Relativism and pluralism in moral epistemology


Book Section

© 2019 Taylor & Francis. All rights reserved. Moral universalists hold that there is a single true or most justified morality. Moral relativists deny universalism holding instead that there can be a plurality of true or equally justified moralities insofar as two contradictory moral claims can both be correct or valid. This chapter explores the prospects for defending a modest version of moral relativism-a version opposed to the extreme view that any morality, no matter its content, is as true or justified as any other. The strategy for defending modest moral relativism is to bring to bear work in the human sciences in understanding the kind of thing a morality is and the functions it serves in the lives of those who accept it. The chapter argues that in light of these various functions, there is a variety of ways a morality can serve these functions equally well and so a plurality of true or equally justified moralities.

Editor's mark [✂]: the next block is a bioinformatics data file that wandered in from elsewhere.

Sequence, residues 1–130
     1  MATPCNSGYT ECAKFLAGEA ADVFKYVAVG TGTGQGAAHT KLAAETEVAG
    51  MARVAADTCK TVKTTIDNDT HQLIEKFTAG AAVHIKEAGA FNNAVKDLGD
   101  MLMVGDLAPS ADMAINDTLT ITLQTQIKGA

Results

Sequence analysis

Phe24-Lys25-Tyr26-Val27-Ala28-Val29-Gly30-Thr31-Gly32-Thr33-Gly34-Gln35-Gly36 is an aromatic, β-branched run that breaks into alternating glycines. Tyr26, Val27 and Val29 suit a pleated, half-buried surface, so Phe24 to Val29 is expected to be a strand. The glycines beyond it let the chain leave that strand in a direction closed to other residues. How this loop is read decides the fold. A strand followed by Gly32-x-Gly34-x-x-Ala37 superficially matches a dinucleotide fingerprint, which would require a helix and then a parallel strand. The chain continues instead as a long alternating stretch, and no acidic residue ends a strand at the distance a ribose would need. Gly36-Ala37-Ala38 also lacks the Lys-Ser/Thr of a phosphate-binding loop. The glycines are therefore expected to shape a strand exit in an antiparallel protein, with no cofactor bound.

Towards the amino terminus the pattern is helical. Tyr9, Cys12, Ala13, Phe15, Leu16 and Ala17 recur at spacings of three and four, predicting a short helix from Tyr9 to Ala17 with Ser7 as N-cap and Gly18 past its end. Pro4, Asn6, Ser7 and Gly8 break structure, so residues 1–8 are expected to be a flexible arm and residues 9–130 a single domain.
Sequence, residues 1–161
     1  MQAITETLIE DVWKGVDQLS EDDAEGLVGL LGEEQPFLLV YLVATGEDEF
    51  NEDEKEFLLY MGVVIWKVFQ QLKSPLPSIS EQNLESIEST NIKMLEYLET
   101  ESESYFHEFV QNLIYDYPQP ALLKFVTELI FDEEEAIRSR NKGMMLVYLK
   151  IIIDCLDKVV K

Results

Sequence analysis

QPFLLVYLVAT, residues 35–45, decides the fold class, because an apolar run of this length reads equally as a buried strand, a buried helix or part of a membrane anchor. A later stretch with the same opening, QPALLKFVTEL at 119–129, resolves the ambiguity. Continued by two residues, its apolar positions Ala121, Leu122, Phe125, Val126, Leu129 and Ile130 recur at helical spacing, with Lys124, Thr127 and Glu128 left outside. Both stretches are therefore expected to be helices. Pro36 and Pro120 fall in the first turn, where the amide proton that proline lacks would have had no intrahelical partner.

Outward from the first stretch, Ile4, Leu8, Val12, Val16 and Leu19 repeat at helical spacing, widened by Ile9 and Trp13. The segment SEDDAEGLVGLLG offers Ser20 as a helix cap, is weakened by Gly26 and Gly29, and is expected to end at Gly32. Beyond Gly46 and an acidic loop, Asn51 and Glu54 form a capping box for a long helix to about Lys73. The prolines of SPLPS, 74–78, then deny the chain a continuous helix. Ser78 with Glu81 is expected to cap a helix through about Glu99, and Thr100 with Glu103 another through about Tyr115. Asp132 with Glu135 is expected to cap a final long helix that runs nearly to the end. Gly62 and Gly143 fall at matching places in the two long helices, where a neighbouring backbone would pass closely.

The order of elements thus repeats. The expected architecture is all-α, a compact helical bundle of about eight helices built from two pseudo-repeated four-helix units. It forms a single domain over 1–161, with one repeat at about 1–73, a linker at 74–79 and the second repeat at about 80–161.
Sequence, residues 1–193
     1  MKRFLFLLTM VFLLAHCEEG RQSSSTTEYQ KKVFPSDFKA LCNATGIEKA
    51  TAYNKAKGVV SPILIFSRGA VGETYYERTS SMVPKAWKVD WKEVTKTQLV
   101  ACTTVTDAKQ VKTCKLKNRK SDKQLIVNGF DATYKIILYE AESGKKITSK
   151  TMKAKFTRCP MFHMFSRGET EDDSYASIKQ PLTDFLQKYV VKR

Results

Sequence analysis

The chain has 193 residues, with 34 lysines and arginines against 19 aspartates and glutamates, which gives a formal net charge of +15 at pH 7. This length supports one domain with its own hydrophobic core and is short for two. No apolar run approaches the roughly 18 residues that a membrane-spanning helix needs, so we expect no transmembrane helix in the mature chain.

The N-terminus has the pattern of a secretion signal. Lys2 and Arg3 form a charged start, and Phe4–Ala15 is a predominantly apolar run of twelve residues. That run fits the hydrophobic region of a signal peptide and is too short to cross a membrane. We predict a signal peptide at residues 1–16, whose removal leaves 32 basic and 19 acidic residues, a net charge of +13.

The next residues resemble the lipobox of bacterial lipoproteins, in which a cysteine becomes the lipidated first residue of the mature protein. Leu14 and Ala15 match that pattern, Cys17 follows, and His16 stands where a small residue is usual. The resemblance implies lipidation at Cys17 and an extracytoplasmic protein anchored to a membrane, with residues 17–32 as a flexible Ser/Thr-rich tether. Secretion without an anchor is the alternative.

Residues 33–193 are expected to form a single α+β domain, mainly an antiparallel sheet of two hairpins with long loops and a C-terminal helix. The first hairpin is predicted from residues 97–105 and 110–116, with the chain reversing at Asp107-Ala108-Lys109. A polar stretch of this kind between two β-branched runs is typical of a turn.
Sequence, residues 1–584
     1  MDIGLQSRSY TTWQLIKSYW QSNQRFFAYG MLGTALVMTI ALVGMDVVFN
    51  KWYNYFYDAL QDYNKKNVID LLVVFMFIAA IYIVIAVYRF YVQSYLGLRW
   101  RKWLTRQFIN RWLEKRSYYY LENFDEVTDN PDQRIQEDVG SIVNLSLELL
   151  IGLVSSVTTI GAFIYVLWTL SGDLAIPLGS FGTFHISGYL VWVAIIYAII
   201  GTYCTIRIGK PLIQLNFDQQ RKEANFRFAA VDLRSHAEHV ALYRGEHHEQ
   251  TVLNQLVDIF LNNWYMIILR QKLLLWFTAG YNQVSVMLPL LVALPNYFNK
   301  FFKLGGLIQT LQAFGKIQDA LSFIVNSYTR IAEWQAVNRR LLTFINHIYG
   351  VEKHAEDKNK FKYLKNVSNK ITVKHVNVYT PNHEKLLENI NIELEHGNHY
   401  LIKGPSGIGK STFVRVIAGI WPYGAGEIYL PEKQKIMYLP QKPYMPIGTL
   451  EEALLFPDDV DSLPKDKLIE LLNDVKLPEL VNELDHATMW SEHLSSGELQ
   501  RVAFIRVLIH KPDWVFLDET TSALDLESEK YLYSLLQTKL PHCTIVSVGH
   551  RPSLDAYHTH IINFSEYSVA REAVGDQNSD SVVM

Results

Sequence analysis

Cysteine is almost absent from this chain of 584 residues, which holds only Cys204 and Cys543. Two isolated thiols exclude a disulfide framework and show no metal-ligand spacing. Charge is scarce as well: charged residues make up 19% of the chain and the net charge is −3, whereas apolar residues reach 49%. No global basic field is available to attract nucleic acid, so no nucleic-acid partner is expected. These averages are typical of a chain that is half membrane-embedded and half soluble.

Full Text

Duke Authors

Cited Authors

  • Wong, DB

Published Date

  • January 1, 2018

Book Title

  • The Routledge Handbook of Moral Epistemology

Start / End Page

  • 316 - 328

International Standard Book Number 13 (ISBN-13)

  • 9781138816121

Digital Object Identifier (DOI)

  • 10.4324/9781315719696-17

Citation Source

  • Scopus